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The Apprentice 5: Why Tarek Lostby David Bloomberg -- 05/08/2006
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Usually when Trump hands out double-eliminations, both are warranted. However, this time he sent home Charmaine, who definitely was to blame for the loss, and Tarek, who just as definitely was not Ė at least no more so than Lee or Michael. But Tarek is just as fired either way, so itís up to us to figure out why Tarek lost.
The way we do this, whether the firing was deserved or not, remains the same. So letís look back at What ĎApprentice 5í Applicants Should Have Learned and dig out some answers.
First and foremost, did Tarek show leadership? Well, Tarek was the very first losing project manager of this season. That didnít bode well, did it? Frankly, Tarek would have probably been gone then except, as this rule notes, project managers who are in that role in the very first task often get a pass. It also helped that Summer gave such a lackluster performance.
But even back then, Trump noted that he was not impressed with Tarek. And through the rest of the season, Trump has continued to be disappointed. Tarek was given multiple chances to stand out, but he failed.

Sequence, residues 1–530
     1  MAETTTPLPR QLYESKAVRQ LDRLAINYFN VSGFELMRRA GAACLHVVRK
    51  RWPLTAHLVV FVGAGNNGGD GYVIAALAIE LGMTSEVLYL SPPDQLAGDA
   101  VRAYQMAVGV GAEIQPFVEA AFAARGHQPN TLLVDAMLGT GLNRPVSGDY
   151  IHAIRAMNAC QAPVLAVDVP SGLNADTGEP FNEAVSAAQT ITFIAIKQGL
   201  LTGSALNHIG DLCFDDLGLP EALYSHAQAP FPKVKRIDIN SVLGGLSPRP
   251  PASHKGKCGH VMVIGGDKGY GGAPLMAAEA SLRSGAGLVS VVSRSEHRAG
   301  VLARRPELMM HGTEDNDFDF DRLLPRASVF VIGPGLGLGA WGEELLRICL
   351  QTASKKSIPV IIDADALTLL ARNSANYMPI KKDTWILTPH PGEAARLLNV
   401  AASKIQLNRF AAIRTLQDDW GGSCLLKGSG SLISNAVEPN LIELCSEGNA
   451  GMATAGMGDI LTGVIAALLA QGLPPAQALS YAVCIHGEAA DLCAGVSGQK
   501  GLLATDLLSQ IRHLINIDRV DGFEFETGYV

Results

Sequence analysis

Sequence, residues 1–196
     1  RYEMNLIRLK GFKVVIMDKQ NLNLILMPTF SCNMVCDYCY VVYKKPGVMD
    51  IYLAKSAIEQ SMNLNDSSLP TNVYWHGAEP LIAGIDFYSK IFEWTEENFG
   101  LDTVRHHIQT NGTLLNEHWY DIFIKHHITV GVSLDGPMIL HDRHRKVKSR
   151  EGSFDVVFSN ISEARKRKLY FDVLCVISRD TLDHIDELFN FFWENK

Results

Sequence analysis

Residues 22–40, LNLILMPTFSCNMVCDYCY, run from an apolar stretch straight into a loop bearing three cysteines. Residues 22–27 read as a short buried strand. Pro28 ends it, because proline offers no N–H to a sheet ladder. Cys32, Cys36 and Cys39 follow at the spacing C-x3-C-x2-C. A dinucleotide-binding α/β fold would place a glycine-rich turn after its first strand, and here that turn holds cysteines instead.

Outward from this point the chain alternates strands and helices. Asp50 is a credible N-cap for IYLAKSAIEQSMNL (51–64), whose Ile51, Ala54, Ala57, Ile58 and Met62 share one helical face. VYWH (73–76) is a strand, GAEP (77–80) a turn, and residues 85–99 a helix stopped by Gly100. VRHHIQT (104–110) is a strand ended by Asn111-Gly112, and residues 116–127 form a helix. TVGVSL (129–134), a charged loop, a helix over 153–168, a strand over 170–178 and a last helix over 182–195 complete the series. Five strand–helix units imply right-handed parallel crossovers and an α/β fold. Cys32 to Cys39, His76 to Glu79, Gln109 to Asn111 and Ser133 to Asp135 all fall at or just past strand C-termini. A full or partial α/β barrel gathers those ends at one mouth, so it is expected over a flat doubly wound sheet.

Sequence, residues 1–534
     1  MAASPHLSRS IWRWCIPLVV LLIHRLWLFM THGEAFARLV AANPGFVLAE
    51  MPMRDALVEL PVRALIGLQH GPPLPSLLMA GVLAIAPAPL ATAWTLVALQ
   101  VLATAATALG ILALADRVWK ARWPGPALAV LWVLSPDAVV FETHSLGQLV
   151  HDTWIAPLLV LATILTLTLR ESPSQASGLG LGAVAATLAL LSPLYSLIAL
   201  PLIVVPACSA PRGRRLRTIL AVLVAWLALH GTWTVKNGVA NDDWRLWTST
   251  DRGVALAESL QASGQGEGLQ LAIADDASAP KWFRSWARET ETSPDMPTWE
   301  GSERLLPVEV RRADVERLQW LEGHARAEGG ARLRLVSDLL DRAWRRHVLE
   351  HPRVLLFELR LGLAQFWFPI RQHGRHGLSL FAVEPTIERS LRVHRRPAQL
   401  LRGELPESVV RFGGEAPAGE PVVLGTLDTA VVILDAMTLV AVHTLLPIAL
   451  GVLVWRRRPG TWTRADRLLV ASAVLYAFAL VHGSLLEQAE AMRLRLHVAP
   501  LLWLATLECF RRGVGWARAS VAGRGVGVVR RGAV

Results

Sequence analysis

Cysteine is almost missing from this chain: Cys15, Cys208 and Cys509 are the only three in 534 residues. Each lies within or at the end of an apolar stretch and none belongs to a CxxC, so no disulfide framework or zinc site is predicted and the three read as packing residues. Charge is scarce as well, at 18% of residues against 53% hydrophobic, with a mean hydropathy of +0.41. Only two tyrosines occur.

Tarek did lead in one area during this most recent challenge Ė he led Lee down the wrong path. Yes, Charmaine was a fairly horrible project manager, but Tarek could have tried to step up more rather than just making a lot of snide remarks. Instead, he had Lee give Charmaine incorrect information about how well they were doing with flyers, and he spent more time making fun of Charmaine rather than trying to help out. It seemed like he knew they would lose the task and was merely allowing her to fail. As weíve seen before, that is not the kind of person Trump is looking to hire.
The second rule tells players to stay cool under fire. There were a few times over the various challenges where Tarek got annoyed at people and snapped at them because they disagreed with him. But that really wasnít an issue here.